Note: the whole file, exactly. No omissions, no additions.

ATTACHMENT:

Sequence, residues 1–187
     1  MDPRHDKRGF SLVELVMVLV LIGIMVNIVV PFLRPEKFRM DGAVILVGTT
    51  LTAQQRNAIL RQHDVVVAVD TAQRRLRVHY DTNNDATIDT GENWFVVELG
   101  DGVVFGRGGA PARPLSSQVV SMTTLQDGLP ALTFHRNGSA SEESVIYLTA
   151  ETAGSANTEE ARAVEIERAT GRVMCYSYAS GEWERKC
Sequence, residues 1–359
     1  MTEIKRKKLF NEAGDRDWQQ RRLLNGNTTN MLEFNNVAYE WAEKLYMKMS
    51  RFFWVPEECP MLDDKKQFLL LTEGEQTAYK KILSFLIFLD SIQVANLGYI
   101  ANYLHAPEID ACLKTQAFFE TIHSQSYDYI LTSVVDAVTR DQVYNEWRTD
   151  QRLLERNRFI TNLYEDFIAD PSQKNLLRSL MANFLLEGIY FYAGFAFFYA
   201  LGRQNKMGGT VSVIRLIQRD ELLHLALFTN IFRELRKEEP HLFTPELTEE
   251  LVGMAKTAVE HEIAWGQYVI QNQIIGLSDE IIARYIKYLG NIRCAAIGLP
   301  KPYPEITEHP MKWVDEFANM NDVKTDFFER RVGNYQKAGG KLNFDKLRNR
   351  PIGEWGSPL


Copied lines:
Sequence, residues 1–187
     1  MDPRHDKRGF SLVELVMVLV LIGIMVNIVV PFLRPEKFRM DGAVILVGTT
    51  LTAQQRNAIL RQHDVVVAVD TAQRRLRVHY DTNNDATIDT GENWFVVELG
   101  DGVVFGRGGA PARPLSSQVV SMTTLQDGLP ALTFHRNGSA SEESVIYLTA
   151  ETAGSANTEE ARAVEIERAT GRVMCYSYAS GEWERKC
Sequence, residues 1–359
     1  MTEIKRKKLF NEAGDRDWQQ RRLLNGNTTN MLEFNNVAYE WAEKLYMKMS
    51  RFFWVPEECP MLDDKKQFLL LTEGEQTAYK KILSFLIFLD SIQVANLGYI
   101  ANYLHAPEID ACLKTQAFFE TIHSQSYDYI LTSVVDAVTR DQVYNEWRTD
   151  QRLLERNRFI TNLYEDFIAD PSQKNLLRSL MANFLLEGIY FYAGFAFFYA
   201  LGRQNKMGGT VSVIRLIQRD ELLHLALFTN IFRELRKEEP HLFTPELTEE
   251  LVGMAKTAVE HEIAWGQYVI QNQIIGLSDE IIARYIKYLG NIRCAAIGLP
   301  KPYPEITEHP MKWVDEFANM NDVKTDFFER RVGNYQKAGG KLNFDKLRNR
   351  PIGEWGSPL